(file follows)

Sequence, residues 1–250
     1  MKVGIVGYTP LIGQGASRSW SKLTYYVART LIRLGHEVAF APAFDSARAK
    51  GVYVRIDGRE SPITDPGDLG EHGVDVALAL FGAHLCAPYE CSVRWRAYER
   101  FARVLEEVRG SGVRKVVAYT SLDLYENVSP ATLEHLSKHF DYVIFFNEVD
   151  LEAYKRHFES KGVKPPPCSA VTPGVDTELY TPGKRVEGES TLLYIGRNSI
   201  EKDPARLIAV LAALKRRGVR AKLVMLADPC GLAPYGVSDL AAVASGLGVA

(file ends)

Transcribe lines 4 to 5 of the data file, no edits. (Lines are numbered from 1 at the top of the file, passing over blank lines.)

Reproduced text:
   101  FARVLEEVRG SGVRKVVAYT SLDLYENVSP ATLEHLSKHF DYVIFFNEVD
   151  LEAYKRHFES KGVKPPPCSA VTPGVDTELY TPGKRVEGES TLLYIGRNSI